• Fannie Mae and Freddie Mac - These are the two "government sponsored agencies" that regulate residential loans for investment properties. They do require you to close in your personal name on both title and with the loan. Many investors will still use these loans and then change the title to the LLC after closing.
  • What are options for conventional lending changing to LLC? - Let's peel back the curtain here a bit. The ultimate item that most people are concerned about when doing this is the "due on sale" clause. Now, most probably have not even read it. And I don't blame anyone for not reading legal wording of notes but the Fannie/Freddie version does contain 2 important elements in the "due on sale" clause:
    • MAY - this is a really important legal word. The lender "may" call the note due. And since it's optional...that also means that the lender "MAY NOT" call the note due. Lenders make a lot of money on mortgages. Like, A LOT. They are not going to jeopardize profits by calling your note due. The other element with "may" is that if a lender were to call your note due, they would have to take your "performing asset" and change it to a "non-performing asset" on their own balance sheet. If a lender does this to much, that starts to affect their own credit rating! Thirdly, do you remember when all of those people were protesting banks during the housing crises? When people were getting foreclosed on because the lenders had them in loan that they couldn't pay? And that's when they were being foreclosed on for not paying...could you imagine the public backlash if a lender starting foreclosing on people that were paying on time? Wow. Forget it, they would be ostracized. Now, if you don't pay on time, you better believe they will be exercising that clause and it does help them foreclose on you faster. If you pay on time, they are happy. So just make sure you pay on time.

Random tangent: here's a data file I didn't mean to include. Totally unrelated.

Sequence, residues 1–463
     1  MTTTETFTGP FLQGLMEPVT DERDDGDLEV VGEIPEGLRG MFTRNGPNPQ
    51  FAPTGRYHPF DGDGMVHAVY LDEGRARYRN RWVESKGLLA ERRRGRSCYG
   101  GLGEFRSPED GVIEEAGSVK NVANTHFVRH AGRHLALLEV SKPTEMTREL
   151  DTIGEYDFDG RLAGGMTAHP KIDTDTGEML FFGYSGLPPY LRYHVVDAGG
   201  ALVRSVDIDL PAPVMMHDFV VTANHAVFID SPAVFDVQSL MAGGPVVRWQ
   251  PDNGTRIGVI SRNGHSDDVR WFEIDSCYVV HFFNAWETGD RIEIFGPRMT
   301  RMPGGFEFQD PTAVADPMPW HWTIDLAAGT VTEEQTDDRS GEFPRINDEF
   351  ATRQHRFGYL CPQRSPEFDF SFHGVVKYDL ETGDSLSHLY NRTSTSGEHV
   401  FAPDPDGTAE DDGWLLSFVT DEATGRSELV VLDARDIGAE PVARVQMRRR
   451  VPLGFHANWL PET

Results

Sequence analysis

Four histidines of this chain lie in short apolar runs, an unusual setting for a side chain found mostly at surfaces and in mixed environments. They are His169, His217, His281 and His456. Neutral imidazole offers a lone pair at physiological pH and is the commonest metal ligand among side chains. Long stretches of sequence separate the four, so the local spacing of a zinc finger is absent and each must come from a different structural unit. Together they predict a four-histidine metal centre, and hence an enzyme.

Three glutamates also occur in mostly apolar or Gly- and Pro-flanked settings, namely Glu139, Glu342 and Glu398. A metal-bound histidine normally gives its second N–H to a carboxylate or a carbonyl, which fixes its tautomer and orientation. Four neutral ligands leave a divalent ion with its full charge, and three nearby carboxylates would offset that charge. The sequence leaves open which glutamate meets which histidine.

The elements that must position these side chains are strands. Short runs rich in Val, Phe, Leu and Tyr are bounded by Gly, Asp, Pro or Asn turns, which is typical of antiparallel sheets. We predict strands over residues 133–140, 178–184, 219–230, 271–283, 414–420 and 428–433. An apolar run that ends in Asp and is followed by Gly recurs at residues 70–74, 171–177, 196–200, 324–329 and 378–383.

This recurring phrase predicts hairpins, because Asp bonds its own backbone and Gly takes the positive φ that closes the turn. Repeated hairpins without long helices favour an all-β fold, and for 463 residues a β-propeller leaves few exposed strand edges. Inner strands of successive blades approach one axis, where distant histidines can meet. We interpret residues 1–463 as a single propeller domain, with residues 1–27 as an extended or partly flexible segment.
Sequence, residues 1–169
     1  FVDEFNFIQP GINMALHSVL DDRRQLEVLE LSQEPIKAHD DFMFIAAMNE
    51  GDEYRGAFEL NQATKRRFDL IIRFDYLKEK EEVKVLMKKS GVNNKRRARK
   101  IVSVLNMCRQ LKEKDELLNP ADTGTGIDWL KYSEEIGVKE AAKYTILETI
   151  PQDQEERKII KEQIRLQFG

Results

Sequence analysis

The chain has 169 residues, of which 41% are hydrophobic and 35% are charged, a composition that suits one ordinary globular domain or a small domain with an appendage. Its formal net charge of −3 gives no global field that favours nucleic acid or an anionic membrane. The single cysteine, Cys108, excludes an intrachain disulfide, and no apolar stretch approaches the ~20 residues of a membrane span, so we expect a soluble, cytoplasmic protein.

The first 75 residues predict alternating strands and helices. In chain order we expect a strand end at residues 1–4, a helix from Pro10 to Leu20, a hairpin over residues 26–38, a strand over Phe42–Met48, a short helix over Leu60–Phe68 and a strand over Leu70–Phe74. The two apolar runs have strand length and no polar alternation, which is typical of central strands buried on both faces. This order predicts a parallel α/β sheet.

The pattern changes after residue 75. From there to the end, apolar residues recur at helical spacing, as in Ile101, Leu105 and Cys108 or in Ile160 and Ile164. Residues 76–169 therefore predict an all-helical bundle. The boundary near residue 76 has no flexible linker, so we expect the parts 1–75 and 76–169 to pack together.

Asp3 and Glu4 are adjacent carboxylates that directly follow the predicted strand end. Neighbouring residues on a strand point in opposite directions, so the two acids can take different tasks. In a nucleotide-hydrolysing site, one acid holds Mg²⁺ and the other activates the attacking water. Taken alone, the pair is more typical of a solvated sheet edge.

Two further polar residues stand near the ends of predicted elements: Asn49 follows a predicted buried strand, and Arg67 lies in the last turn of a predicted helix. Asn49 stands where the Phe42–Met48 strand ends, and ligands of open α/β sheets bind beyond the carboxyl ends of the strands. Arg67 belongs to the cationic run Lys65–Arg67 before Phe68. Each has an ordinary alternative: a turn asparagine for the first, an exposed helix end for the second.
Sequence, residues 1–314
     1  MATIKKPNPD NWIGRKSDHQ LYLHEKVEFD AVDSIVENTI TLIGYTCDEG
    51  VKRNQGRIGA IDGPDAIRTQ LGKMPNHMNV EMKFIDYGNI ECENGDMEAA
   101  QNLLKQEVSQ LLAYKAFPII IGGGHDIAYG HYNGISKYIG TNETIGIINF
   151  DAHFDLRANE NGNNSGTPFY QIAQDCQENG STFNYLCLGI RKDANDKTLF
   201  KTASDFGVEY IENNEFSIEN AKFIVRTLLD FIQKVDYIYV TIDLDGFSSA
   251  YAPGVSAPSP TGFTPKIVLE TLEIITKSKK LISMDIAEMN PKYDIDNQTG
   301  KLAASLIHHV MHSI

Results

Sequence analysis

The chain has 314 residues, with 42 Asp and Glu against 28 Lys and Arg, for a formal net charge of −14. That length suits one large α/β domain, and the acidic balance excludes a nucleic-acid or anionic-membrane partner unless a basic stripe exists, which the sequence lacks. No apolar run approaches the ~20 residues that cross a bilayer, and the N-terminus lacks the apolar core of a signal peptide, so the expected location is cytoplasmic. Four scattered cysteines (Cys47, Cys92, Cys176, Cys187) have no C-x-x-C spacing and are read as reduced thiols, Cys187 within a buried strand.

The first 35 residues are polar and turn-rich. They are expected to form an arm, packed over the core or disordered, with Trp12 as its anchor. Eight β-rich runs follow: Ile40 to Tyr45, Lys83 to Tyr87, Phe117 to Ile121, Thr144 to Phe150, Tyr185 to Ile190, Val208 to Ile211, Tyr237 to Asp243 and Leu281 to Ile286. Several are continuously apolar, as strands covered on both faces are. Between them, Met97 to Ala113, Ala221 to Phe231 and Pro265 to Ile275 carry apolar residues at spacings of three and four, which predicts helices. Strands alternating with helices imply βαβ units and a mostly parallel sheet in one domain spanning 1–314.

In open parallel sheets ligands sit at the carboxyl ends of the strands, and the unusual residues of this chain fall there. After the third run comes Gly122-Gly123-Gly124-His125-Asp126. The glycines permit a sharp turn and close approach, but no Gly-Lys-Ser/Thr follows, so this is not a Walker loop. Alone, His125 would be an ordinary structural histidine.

• 30 days - the other element to the "due on sale" clause is that the lender MUST provide you AT A MINIMUM of 30 days to rectify the scenario if they enact this clause. So even if they do ignore all the above items....they still must provide you ample time to fix it. However, if you are owner financing, this will be pretty challenging since you don't actually OWN the property anymore. There are still ways around it but you should certainly research owner financing thoroughly and specifically lean on the "lending against a note" concept to know how to solve this if it were to occur. Lots to know here for sure.

    • So can you get a residential loan, and then transfer the deed to yourLLC after closing? Yes, and many people do. The lenders don't really like to advertise this though. Hope this helps!
@andrew postel
"There are still ways around it but you should certainly research owner financing thoroughly and specifically lean on the "lending against a note" concept to know how to solve this if it were to occur. Lots to know here for sure."

Andrew, where would I go to learn how to "lend against a note"?


@Brett Miller I've done a handful of BRRRRs in Richmond recently, all under LLC, with commercial financing. If I can help, let me know. Use a small community bank, for sure. Some good ones in Richmond.